Postmodernism is a fiction that covers up modernism’s abandonment of its utopian pretensions. What was involved was hardly a paradigmatic shift or rupture. It was, rather, modernism’s reconciliation with its own longstanding service to the bourgeoisie. The “post” in postmodernism asserts the supersession of modernism even as it betrays the continuity of the modernist obsession with supersession.
In the early days of its ascent to power, the bourgeoisie was a revolutionary class. This was acknowledged by the authors of the Communist Manifesto. The early avant-garde catered to this self-consciously progressive elite by accentuating the anti-canonical radicality of its artistic products.
By the middle of the 20th century, the bourgeoisie had thoroughly consolidated its power and was ready to smugly enjoy its reflection in the mirror of art. Modernism’s revolutionary pose could be dispensed with.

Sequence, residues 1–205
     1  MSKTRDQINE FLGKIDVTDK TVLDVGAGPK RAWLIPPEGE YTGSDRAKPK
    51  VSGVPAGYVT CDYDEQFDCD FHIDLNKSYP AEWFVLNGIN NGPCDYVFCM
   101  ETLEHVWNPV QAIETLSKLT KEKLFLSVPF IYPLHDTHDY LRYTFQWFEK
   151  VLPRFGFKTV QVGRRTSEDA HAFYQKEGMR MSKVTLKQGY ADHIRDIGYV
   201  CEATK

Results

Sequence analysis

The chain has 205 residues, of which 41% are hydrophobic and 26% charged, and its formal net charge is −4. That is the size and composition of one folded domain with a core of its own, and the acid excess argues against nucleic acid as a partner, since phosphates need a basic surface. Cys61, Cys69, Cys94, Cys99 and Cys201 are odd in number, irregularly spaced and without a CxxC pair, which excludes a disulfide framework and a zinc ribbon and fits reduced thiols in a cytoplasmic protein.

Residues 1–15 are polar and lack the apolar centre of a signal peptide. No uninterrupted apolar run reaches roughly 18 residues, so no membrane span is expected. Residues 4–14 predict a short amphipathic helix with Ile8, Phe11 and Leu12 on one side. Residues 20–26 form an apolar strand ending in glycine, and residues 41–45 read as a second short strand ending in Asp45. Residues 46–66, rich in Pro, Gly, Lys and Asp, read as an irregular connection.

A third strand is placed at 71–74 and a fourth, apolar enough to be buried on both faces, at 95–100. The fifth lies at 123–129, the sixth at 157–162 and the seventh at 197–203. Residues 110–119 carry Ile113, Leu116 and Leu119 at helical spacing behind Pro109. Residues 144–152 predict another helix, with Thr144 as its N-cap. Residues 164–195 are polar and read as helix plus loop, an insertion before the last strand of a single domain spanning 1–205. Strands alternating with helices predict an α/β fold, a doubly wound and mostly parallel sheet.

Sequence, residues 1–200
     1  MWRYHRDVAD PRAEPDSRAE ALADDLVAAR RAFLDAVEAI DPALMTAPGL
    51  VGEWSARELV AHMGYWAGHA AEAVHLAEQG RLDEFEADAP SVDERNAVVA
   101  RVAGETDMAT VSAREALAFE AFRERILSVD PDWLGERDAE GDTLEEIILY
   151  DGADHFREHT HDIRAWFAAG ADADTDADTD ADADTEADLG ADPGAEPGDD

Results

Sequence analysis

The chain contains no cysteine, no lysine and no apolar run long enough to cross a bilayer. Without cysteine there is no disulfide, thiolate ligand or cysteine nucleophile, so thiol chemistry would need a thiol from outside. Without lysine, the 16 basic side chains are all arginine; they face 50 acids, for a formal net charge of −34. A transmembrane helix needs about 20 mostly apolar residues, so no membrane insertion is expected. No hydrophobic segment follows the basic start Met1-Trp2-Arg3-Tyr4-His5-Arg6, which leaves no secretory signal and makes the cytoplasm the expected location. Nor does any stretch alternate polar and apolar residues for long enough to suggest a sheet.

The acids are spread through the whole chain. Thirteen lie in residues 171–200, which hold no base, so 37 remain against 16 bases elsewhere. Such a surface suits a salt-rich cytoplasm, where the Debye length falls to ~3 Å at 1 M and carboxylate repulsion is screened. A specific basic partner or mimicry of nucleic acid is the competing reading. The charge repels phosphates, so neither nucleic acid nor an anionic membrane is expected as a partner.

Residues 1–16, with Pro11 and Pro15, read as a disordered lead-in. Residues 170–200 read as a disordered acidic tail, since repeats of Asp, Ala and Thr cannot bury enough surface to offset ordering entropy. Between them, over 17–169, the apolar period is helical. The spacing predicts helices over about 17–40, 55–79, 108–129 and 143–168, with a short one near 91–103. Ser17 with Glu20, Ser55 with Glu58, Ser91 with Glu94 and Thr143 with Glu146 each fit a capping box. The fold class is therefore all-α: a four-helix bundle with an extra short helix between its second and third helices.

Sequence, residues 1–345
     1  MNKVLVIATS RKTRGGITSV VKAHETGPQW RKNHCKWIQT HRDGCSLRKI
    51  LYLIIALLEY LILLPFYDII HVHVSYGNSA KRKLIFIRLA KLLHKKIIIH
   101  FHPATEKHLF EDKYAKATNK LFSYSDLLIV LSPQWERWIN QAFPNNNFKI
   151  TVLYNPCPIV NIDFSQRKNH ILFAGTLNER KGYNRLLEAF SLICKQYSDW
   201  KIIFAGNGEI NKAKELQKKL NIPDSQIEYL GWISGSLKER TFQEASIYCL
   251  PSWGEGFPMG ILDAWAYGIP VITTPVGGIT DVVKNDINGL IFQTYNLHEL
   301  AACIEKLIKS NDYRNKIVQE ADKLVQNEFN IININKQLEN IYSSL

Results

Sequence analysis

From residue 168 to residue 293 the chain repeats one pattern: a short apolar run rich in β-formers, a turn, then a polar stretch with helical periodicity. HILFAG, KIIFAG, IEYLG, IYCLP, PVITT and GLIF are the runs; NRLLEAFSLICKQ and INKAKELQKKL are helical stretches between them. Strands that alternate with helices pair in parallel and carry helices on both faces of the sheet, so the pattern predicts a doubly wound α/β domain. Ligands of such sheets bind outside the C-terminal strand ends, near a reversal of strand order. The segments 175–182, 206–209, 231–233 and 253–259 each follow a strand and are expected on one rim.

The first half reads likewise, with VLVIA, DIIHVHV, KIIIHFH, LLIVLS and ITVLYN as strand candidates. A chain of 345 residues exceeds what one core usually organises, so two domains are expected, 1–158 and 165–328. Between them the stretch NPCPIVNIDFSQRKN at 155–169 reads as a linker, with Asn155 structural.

It was Andy Warhol’s moment, in which we continue to abide.
Art learned to glorify what exists, the ready-made, the status quo. The modernist subversion of canonicity had come full circle.
Underlying the continuity between modernism and postmodernism is a more fundamental one: the continuity of bourgeois hegemony, to whose aggrandizement modernism and postmodernism have been equally devoted. What distinguishes them is strictly a distinction between how the bourgeoisie wanted to see itself in its adolescence and how it came to see itself in its decadence. Modernism heroicized the nascent bourgeoisie’s insurrectionary will. When the bourgeoisie was safely and formidably ensconced as the new ruling class, postmodernism came along to glamorize its cold cynicism.